Here's why Eskom is loadshedding
Eskom on Wednesday explained why it is implementing stage two loadshedding — which entails dropping 2,000MW from the grid through rotational outages nationwide to prevent it from tripping.
The utility, which supplies 95% of the country's energy needs, said in a statement the electricity system has been severely constrained this week.
“As a result of the loss of additional generation, delays in the return to service of units that are on planned maintenance and limited diesel supply, it has become necessary to implement stage two rotational loadshedding from 09am until 23:00 in order to protect the power system from total collapse,” the power utility said.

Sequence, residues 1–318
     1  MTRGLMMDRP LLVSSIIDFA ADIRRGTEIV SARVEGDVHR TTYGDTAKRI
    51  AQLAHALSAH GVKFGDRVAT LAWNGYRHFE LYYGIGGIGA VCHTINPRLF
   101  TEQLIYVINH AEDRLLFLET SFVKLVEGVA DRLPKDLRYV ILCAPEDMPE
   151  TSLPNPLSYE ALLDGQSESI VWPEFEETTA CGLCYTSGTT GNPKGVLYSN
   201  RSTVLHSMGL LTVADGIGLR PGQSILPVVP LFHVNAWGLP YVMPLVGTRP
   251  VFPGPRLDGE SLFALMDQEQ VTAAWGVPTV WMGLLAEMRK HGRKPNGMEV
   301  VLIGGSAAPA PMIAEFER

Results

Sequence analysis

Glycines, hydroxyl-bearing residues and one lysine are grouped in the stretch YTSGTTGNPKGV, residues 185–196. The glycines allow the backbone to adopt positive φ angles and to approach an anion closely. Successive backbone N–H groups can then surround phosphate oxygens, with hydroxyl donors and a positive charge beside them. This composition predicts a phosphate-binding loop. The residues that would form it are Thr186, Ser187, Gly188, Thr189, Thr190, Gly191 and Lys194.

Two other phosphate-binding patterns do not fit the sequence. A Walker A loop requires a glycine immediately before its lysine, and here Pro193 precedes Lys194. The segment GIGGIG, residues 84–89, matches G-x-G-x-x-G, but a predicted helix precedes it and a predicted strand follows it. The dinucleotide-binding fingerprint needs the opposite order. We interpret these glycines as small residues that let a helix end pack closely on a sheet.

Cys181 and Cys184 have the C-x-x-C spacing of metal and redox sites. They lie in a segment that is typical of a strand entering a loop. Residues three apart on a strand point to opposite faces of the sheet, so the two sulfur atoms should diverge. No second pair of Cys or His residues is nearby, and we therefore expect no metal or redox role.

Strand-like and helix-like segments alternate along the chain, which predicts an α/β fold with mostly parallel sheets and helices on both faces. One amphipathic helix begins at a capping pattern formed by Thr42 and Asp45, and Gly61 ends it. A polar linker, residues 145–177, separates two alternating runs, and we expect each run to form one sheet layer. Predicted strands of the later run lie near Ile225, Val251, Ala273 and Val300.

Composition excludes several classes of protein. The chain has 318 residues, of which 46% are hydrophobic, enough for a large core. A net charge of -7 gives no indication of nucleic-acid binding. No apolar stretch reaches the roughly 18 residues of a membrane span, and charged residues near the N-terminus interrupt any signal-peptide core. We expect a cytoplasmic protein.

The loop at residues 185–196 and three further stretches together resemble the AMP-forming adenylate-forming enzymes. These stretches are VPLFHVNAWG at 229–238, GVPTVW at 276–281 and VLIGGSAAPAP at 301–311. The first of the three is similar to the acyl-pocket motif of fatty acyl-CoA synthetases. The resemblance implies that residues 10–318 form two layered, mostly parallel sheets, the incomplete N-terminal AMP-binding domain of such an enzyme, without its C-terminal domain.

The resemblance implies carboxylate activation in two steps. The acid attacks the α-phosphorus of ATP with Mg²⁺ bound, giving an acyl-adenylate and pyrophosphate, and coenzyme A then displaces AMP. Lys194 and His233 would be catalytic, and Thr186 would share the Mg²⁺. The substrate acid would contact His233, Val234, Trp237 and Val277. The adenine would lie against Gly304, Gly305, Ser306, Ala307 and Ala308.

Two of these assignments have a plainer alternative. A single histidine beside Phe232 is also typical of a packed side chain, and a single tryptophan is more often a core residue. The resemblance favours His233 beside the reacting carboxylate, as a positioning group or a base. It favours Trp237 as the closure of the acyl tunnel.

According to the power utility, they had warned at a briefing in September that to avoid loadshedding, unplanned breakdowns needed to be continued below 9,500MW.
Eskom said generator breakdowns were experienced beyond 10,500MW and there would be usage of emergency resources which may lead to loadshedding if supply constraints continued for a long duration.
“The supply constraints are caused by, among others, five generating units that are unavailable due to boiler tube leaks.”
Eskom said the conveyor belt supplying Medupi power station with coal had failed on Saturday, which resulted in low volumes of coal being supplied to the station.
“Due to the shortage of generating capacity from coal-fired generation, the pumped storage OCGT (Open-cycle gas turbine) generators have been used extensively since Saturday, which has led to a decline in the dam levels and diesel tank levels.”